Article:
Publisher/Director: Laurie McGinnis Catalyst Editors: Pamela Snopl, Christine Anderson Contributing Editors: Amy Friebe, Michael McCarthy
Designer: Angela Kronebusch Freelance Writer: Megan Tsai Photos Credits: Shutterstock (pp. 1, 2)
MnDOT Scholar-in-Residence shares lessons from experience Professor Greg Lindsey of the Humphrey School of Public Affairs is completing his appointment as Scholar-in-Residence at the Minnesota Department of Transportation (MnDOT) this summer. Lindsey spent part of his sabbatical in the Office of Transit’s Bicycle and Pedestrian Section. The unique appointment built on his work for the Minnesota Bicycle and Pedestrian Counting Initiative, a collaborative effort between MnDOT, the Minnesota Department of Health, local planning agencies and departments of public works, nonprofit organizations, and the University. He shares highlights and advice below.
What were some benefits of the residency?
Our principal project was to help MnDOT institutionalize bike and pedestrian monitoring in the state. “Institutionalizing” means we want to make the practice a cultural norm and routine in both MnDOT and the organizations MnDOT works with throughout Minnesota. I could have worked on the project from the U, but cultural norms aren’t changed by an outsider. That’s why my residency was important for this particular project. My residency also allowed me to establish relationships. For example, Commissioner [Charles] Zelle asked that I serve on MnDOT’s Bicycle Law Advisory Task Force. He asked that we review the existing state statutes, administrative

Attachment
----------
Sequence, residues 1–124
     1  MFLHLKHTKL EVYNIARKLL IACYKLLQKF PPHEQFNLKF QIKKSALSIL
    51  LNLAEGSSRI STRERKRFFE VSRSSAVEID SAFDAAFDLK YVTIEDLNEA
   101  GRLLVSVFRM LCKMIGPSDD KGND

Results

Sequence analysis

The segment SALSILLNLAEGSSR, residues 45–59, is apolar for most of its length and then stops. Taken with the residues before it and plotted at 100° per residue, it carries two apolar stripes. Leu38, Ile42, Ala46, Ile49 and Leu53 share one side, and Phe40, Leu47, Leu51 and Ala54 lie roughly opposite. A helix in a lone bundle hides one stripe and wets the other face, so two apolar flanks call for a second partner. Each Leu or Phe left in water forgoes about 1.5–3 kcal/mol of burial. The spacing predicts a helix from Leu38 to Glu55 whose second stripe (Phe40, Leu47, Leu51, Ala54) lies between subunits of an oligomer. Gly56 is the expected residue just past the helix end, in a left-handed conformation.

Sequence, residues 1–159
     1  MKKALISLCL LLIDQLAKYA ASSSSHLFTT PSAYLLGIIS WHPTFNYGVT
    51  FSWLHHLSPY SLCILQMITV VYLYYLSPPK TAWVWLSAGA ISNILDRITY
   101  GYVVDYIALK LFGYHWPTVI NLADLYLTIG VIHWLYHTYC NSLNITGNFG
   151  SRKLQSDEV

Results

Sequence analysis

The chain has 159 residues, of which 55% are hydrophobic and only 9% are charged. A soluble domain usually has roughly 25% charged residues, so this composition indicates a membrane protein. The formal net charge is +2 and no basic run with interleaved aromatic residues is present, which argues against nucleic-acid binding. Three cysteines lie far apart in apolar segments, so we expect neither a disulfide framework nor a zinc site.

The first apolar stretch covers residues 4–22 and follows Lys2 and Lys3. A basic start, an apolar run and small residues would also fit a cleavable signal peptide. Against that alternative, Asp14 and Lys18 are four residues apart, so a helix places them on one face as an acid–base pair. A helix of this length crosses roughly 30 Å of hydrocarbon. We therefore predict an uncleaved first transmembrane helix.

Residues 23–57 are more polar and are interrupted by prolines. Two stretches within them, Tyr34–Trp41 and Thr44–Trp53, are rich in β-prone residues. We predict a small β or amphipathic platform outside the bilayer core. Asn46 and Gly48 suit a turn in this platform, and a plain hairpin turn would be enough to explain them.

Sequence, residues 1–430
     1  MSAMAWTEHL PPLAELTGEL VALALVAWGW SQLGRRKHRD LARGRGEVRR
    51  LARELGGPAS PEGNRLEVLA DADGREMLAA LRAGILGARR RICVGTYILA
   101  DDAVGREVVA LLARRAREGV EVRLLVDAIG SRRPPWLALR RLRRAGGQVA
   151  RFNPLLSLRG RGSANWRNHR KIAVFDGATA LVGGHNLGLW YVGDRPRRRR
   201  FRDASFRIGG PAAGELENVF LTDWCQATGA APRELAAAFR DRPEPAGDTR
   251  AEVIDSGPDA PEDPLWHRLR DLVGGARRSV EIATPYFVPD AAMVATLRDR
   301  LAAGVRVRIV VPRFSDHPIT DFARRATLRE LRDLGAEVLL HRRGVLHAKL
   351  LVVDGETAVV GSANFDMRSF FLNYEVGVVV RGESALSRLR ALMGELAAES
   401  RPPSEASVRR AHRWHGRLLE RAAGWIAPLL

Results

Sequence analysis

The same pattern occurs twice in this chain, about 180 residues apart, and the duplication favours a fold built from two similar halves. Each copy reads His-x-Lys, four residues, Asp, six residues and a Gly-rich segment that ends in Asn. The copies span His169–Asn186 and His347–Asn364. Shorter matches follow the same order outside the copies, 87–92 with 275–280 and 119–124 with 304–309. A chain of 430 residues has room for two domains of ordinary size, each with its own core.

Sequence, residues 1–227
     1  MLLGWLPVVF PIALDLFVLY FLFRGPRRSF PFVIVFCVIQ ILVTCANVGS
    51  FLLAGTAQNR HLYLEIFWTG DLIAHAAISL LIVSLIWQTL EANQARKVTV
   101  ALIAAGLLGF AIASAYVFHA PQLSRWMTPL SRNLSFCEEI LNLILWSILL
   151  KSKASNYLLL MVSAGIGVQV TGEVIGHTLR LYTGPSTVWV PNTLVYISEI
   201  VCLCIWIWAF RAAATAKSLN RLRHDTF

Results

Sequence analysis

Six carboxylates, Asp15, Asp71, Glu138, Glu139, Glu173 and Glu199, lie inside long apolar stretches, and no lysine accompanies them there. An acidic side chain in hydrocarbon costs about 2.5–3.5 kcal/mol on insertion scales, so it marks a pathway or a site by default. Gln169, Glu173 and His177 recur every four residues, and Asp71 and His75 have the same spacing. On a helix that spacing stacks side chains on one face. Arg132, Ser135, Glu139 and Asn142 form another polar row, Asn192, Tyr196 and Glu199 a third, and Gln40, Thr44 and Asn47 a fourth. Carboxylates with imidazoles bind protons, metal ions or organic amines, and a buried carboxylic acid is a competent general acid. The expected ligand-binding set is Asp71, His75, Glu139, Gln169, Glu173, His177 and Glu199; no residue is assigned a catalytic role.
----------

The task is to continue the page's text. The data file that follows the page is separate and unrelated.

rules, and design manual and make recommendations to streamline and integrate those three documents. Our recommendation is to make bike planning and design comparable to highway planning by eliminating the administrative rules. We also recommend strengthening the statutes and design manual. The proposal was introduced to the legislature but wasn’t passed this year. Overall, I was able to engage with the agency in multiple ways that would not have been possible if not for the residency, developing relationships with professionals in Traffic Data Analysis, Safety, and other units in addition to the Office of Transit.
What’s next for your research and outreach efforts?
I’m continuing work on other MnDOTfunded research and plan to participate in activities to pass the Task Force legislation during the next session. My residency also strengthened my ability to link students with public agencies, especially on projects related to our institutionalization efforts. For example, Department of Natural Resources (DNR) officials became interested in monitoring traffic on state trails and contacted us. Humphrey students prepared a plan for them, and we held a capstone course focused on trail monitoring. This work led to a connection with the Greater Minnesota